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current affairs and your mental health

This guide will help you engage with the news in a way that also looks after your mental health

As a society, we consume news more than ever before, with 24-hour broadcasts and constant streams on social media. Reports from war zones leave many people feeling distressed, even from thousands of miles away. This also leads to feelings of helplessness, as there is little we can do from afar.

You can find updates on current affairs and news anywhere you go and wherever you are. It’s on your phone, it’s in newspapers, you hear people talking about it and all of this makes difficult to avoid. Emotions can change so much when consuming news and the unpredictability of what happens in current affairs means you might be happy, sad, angry or confused.

How to engage with news

Take a break
We all want to stay informed and be compassionate to what other people are facing in the world. We may even feel guilty if we are not giving the situation our full attention, mentally and emotionally.

This can take a serious toll on our minds, and it’s important we take breaks from the news to look after our mental health. Whether that’s for an hour, a day, a week, or longer if necessary.

It can be particularly helpful to take a break at the start and end of our day, as our minds can be more sensitive to the information we receive.

Avoid doomscrolling
Doomscrolling is when we spend an excessive amount of time absorbing negative news, which after a period of time can intensify fear and anxiety. To avoid this, only look at the news at certain times of the day for a limited duration and try not to break this routine.

Do something relaxing after consuming news
After consuming lots of news, our mind and body can feel heavy with tension and stress. A new activity helps manage the stress so we don’t feel heavy all day. Movement, fresh air, social activities and calming breathing techniques can help with this. Read our resource on how to improve your wellbeing.

Be conscious of the content you consume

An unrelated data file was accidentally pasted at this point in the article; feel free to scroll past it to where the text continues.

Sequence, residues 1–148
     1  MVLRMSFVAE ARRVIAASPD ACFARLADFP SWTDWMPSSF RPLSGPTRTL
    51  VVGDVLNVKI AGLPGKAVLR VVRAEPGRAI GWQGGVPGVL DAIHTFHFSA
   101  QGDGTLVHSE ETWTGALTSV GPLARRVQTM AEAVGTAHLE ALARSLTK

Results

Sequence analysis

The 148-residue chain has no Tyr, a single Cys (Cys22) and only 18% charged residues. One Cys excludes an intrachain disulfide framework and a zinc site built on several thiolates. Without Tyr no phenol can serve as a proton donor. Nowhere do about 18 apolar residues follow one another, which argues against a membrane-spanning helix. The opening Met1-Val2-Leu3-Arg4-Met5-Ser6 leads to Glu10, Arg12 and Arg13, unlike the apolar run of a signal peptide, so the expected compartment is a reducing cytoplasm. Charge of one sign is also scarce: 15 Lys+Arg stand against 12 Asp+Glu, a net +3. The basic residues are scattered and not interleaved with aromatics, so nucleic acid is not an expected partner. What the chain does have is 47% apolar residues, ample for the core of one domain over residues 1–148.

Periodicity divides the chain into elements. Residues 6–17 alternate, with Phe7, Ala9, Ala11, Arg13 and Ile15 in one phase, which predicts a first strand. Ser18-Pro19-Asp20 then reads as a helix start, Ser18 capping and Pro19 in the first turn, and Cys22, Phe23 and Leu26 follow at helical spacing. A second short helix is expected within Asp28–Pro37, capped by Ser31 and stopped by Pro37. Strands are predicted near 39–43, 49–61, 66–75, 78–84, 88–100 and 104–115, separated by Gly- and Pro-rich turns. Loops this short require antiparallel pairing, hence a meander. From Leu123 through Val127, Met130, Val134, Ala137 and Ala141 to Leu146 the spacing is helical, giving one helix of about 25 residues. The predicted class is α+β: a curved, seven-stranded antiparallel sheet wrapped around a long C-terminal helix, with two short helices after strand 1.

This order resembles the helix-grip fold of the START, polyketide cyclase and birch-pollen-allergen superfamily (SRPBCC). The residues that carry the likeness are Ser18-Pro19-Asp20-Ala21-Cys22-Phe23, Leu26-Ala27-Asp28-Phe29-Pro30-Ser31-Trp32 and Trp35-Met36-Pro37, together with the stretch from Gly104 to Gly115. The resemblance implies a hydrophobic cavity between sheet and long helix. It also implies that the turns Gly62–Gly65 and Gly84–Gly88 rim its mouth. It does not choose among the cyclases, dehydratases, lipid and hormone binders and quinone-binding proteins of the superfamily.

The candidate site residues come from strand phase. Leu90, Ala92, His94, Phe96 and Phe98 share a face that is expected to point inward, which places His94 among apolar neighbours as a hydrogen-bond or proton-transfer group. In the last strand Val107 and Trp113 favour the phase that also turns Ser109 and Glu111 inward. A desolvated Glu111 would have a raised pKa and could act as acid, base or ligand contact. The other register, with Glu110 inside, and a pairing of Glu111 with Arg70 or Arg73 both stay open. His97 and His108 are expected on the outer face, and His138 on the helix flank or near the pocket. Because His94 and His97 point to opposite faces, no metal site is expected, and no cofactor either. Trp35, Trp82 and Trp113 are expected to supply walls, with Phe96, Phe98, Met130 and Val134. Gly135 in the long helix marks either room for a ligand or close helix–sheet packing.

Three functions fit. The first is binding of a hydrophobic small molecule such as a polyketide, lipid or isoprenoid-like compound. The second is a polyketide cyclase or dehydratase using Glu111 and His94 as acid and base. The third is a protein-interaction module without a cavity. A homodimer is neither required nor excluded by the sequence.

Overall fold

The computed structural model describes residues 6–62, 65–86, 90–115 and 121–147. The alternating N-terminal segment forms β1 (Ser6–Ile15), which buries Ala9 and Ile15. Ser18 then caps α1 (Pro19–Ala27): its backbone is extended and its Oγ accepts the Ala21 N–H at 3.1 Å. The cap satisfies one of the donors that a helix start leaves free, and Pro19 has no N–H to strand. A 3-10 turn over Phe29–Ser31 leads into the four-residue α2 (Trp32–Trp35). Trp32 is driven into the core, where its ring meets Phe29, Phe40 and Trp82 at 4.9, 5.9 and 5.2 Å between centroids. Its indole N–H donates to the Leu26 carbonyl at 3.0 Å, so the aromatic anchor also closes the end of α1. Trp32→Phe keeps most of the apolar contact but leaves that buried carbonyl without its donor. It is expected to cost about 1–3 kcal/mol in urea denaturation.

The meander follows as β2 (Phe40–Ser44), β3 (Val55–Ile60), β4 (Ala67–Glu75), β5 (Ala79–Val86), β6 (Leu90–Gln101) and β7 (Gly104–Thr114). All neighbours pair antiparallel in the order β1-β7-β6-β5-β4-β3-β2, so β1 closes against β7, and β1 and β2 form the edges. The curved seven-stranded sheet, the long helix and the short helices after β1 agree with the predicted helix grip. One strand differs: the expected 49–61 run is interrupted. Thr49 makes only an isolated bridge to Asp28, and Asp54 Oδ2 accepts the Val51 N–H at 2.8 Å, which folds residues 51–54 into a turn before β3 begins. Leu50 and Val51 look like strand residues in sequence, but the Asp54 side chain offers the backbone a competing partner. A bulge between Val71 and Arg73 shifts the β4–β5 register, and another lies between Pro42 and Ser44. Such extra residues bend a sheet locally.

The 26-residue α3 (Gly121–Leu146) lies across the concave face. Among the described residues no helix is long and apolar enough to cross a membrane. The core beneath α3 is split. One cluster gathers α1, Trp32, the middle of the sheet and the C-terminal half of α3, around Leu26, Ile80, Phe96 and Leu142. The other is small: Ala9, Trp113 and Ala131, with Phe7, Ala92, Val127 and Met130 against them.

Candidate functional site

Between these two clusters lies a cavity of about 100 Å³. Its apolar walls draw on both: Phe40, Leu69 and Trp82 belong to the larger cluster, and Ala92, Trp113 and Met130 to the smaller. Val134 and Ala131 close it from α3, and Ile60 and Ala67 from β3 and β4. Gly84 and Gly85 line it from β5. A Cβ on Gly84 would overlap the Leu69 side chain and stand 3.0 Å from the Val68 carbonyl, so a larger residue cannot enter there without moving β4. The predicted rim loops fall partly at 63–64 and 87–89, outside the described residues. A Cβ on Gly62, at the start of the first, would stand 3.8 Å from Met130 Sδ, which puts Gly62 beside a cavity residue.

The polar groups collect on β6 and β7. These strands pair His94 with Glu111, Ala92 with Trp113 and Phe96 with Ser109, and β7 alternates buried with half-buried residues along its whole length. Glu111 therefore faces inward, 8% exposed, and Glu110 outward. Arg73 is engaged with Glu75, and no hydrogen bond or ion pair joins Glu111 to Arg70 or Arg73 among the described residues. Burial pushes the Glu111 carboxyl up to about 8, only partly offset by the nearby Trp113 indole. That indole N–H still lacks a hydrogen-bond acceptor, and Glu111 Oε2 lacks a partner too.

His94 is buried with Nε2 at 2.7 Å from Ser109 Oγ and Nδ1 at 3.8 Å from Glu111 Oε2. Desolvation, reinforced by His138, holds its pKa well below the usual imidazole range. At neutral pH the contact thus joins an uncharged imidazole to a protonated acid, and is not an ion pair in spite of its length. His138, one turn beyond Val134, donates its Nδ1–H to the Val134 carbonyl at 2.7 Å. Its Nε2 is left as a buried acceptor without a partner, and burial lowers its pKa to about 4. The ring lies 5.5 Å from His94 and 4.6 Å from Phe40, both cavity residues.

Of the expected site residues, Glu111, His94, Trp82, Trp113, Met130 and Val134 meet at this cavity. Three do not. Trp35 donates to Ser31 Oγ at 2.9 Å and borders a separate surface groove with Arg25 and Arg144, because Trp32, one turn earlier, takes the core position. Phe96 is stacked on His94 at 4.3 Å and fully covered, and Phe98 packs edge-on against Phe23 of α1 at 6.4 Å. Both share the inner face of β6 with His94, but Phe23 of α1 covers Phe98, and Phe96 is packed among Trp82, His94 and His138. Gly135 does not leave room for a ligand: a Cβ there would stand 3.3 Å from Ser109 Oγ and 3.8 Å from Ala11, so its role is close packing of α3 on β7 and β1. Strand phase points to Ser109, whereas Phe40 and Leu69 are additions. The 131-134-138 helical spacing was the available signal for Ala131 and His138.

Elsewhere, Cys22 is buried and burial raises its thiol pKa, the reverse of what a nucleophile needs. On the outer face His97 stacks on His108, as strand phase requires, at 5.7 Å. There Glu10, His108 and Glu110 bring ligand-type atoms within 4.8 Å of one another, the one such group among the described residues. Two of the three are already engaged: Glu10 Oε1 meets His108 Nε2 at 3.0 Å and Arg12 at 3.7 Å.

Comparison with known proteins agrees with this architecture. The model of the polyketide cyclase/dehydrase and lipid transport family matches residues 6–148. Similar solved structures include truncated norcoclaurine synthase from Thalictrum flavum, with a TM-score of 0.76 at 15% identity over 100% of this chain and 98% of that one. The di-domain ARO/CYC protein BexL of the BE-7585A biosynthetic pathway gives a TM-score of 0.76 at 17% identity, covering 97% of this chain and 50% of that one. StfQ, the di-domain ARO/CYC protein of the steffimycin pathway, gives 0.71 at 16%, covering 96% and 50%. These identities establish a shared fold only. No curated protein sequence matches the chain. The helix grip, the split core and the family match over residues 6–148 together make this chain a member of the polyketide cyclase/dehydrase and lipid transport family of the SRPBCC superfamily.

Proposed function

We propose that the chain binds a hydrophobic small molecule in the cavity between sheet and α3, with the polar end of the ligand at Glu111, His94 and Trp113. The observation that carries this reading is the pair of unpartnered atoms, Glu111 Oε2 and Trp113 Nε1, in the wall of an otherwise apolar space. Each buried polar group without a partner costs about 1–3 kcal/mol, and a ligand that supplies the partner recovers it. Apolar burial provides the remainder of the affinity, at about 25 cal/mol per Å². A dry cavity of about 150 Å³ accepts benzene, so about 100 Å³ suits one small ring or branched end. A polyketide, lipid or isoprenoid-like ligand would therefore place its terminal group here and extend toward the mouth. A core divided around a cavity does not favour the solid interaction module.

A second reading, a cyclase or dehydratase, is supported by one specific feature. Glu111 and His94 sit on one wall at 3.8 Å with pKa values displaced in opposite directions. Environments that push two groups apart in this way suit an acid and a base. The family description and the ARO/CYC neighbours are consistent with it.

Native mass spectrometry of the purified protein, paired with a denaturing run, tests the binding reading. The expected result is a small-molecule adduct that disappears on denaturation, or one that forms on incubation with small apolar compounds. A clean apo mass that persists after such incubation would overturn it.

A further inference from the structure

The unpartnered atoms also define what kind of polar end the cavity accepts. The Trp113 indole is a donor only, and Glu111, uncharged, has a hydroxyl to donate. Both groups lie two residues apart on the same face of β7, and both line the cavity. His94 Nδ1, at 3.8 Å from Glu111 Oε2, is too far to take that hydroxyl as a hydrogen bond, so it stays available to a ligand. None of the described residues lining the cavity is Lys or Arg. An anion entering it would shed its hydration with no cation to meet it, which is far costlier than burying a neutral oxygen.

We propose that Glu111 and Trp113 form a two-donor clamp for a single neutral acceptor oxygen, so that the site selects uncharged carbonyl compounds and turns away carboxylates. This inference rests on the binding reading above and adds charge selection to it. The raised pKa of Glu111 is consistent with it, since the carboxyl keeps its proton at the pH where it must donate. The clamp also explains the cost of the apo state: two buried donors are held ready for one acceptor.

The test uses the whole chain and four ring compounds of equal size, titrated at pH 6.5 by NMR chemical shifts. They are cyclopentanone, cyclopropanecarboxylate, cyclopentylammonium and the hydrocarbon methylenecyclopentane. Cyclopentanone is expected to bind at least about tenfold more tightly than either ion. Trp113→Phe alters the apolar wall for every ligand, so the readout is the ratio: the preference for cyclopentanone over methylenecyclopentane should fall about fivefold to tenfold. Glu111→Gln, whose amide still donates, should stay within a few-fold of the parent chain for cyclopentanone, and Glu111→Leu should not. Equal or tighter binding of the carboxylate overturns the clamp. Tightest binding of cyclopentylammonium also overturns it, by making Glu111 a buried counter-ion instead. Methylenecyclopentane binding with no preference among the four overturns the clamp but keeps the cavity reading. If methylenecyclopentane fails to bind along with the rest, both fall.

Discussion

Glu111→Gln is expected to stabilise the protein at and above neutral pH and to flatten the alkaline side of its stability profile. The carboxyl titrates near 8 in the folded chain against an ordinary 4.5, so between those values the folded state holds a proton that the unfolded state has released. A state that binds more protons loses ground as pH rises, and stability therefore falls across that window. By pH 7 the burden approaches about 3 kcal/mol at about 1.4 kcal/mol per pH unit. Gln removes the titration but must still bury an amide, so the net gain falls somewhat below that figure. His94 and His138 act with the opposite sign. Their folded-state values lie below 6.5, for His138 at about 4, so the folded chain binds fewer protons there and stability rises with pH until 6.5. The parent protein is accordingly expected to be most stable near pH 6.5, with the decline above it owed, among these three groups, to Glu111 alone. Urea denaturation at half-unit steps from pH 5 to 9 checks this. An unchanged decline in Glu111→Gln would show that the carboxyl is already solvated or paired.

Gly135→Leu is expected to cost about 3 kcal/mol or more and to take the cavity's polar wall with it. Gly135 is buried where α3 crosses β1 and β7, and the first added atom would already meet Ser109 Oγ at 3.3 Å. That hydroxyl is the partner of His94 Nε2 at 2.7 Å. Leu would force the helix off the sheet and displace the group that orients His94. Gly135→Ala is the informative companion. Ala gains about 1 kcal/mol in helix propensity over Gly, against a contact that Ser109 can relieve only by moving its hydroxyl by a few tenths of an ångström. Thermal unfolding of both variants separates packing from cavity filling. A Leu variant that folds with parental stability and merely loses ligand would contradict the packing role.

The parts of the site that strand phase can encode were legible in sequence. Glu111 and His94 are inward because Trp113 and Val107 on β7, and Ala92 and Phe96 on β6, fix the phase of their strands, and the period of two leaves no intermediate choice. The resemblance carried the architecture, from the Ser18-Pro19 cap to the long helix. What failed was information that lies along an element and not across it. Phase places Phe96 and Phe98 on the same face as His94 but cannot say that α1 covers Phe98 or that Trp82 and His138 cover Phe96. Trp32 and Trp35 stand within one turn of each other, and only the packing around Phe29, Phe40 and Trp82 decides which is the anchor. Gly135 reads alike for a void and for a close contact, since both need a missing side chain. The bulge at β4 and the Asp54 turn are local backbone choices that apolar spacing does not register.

It’s important to monitor how much we consume graphic or violent content which may be triggering to our mental health. It’s also important to consume news from trusted publications to avoid any alarmist speculation. A useful tool when assessing whether a news story is trustworthy, is The Share Checklist.

Be mindful of notifications and social media
Notifications and news streams on social media can make it difficult to take breaks from the news. Consider changing notification settings on your phone so you can choose when to be updated with news. Monitor which social media sites provide the most news coverage and limit time on these sites when necessary.

You can change your settings to limit how long you spend on certain apps and it might be wise to use techniques to prevent you from checking your phone every few minutes, which means you can focus on more important tasks.

What can you do to help?

When we feel overwhelmed, it helps to focus on the things we can control. Helping people in your community independently or with a charity can remind us that we have the power to make a positive impact, no matter how small. It might help to switch your phone off, do physical activities when anxious about current affairs or socialise with friends.


Our Advice and Support Service is open Monday to Friday, 10 am to 4 pm, where advisers can signpost you to local support that most fits your needs, including our Change Mental Health services. We offer initial advice on money worries and help to deal with emergencies.

Contact 0808 8010 515, email us at or fill out the enquiry form on the Advice and Support Service page.

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